Tuesday, December 27, 2011

My Name Is Not Easy By: Debby Dahl Edwardson

Luke knows Inupiaq names are full of sounds white people can't say. He knows he will have to leave his behind, when he and his brothers are sent to boarding school hundreds of miles from their Arctic Village. Luke, and his brothers know they will be sent to a Roman Catholic boarding School called Sacred Heart School , where they are treated as students, not family. The students are of diverse nationalities such as Eskimo, Athabascan, Yupik and white. The students line up in different areas of the school cafeteria staying with kids like themselves. Every nationality must speak English. The native tongues must not be heard. If Father Mullen hears students talking in their native tongues he will slap their knuckles hard with a ruler to discipline them. Luke struggles at Sacred Heart School. The story is told by alternate narrators including Amiq, a cocky leader of the Eskimo students, Chickie, mixed race, Donna, Sonny and a few others. The
teens at the boarding School had many adjustments being this was their first time away from their families for many of them. The novel I recommend it's interesting.

My say:

This is one of the most enjoyable historical fiction novels I've read. It takes place in an Alaskan Catholic mission boarding school in the 1960's. The students have travelled hundreds of miles from home. There are no local schools for native Alaskans who are living far from urban centers in sparsely populated areas. There is an attitude on the part of the Father's and Sister's that the kids need to be tamed. I was in catholic school learning about Indians as they were still called then, about how their ways were savage and had to be replaced by our ways. That attitude is present in this novel as well. There is a disrespect for the native languages, customs, and foods. The languages are not easy for these people and they do not want it used in front of them.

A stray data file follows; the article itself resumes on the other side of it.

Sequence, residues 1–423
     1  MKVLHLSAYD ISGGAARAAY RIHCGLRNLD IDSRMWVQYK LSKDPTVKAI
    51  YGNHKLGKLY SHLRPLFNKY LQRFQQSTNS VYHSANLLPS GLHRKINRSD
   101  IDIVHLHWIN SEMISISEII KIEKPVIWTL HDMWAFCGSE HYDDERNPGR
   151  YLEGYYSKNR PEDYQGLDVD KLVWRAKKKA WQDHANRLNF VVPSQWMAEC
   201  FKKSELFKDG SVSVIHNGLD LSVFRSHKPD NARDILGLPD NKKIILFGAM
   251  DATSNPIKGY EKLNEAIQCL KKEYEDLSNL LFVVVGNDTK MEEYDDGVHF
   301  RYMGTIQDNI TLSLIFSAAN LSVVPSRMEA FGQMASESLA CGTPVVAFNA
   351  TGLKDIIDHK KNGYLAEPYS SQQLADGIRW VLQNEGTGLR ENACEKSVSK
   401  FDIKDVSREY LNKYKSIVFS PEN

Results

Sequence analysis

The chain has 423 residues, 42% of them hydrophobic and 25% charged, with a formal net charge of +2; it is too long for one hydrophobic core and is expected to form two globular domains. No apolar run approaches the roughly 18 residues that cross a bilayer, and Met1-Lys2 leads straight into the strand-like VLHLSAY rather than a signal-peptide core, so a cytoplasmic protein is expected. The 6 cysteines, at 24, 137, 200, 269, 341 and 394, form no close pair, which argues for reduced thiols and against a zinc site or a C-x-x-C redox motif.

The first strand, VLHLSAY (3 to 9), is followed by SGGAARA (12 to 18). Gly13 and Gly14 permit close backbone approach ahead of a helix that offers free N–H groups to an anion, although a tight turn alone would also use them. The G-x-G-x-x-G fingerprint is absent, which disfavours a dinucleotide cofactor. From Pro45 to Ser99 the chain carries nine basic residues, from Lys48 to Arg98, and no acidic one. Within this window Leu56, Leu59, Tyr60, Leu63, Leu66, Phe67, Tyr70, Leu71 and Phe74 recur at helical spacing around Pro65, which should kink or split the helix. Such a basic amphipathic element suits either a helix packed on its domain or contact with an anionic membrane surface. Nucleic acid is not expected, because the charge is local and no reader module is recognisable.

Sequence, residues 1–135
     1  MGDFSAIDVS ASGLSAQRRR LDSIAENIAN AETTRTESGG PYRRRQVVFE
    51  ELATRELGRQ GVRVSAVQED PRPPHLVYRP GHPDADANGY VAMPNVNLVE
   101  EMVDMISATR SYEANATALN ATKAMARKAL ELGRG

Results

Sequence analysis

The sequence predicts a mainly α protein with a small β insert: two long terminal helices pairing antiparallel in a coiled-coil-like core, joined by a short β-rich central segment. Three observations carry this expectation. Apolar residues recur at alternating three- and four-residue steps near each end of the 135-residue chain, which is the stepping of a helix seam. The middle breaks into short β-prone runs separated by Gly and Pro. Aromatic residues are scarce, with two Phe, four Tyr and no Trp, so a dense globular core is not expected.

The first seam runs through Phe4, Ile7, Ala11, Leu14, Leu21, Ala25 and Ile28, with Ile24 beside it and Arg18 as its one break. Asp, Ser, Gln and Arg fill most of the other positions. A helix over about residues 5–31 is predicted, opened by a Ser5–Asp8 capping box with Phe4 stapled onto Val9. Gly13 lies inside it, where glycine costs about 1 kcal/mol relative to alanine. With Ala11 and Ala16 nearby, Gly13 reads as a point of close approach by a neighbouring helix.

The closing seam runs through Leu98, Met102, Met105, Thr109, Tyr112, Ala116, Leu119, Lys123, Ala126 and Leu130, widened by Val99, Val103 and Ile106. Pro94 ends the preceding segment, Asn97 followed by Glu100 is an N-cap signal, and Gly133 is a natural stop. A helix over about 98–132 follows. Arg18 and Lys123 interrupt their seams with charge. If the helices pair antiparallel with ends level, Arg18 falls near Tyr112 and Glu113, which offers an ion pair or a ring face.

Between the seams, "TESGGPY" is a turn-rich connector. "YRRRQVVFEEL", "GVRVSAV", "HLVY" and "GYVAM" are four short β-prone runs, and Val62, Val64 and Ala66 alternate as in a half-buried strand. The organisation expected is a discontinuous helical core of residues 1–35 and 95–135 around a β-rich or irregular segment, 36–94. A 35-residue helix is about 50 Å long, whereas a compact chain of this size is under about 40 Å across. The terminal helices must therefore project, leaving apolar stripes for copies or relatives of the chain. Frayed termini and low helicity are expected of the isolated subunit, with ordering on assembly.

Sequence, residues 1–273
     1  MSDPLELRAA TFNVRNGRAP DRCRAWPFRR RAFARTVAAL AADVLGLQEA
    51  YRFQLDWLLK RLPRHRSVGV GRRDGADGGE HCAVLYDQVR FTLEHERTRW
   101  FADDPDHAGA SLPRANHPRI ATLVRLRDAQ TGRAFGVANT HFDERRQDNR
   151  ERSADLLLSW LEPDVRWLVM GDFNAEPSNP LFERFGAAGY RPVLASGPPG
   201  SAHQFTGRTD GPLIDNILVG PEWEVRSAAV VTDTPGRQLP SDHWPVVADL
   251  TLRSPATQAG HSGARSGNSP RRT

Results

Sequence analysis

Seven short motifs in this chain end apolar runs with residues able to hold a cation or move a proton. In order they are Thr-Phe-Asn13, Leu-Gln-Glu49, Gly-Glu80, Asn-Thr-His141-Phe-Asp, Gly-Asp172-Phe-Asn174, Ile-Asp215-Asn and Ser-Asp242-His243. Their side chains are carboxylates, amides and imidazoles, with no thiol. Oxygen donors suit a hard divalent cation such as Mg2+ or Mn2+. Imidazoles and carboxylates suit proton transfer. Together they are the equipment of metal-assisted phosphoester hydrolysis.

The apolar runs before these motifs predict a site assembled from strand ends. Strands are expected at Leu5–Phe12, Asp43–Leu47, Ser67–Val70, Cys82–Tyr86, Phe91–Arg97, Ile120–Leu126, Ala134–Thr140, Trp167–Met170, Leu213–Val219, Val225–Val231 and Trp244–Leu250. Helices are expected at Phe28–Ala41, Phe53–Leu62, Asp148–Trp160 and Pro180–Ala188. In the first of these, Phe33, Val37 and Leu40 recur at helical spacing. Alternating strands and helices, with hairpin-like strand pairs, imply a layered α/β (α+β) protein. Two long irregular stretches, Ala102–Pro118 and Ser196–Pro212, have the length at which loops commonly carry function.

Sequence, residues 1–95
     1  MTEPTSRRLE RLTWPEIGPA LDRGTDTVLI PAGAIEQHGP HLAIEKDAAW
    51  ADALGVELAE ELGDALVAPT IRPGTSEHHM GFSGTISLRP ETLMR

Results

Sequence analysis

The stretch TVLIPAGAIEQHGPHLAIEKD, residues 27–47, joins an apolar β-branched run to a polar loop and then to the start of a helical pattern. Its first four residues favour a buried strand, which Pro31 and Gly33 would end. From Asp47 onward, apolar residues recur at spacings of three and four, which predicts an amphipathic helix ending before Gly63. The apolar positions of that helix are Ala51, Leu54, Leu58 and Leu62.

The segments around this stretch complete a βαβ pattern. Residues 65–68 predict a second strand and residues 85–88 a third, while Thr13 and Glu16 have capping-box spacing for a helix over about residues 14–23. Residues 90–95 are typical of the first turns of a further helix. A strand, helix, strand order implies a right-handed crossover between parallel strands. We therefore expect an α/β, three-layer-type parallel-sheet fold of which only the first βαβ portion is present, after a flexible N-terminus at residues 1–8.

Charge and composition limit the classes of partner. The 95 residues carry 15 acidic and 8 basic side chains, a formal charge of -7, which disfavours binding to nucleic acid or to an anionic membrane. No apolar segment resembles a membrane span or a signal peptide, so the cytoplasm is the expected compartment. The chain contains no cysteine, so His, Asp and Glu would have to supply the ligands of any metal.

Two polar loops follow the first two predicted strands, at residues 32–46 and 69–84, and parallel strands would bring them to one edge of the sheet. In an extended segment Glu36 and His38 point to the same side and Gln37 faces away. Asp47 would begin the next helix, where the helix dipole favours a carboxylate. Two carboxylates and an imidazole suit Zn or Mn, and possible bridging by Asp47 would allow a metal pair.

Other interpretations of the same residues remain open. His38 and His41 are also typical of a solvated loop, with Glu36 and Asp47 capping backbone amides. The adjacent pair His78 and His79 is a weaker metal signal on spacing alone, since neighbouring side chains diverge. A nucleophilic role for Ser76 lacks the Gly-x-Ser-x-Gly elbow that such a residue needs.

Most of the kids have already had lives unique from and harder than the missionaries who are keeping them and teaching them. I really grew to like these feisty, durable kids. They are often wise to their keepers' prejudices and misconceptions and have a good time with them. The scene in which two boys from a "tribe" known to be hunters are asked to butcher a roadkill moose is hilarious. They had watched their uncle do caribou. They had never done it themselves. They had never even seen a moose. Though the teachers can be stern they are also obviously good people. The events such as sending one young boy away to be adopted without parental consent, the testing of the kids with radioactive iodine by the army, project chariot which was meant to show peace time use of atomic bombs are real. They are things that started native activism to save their hunting, fishing grounds, get local schools and much more. jdw 12/29/11

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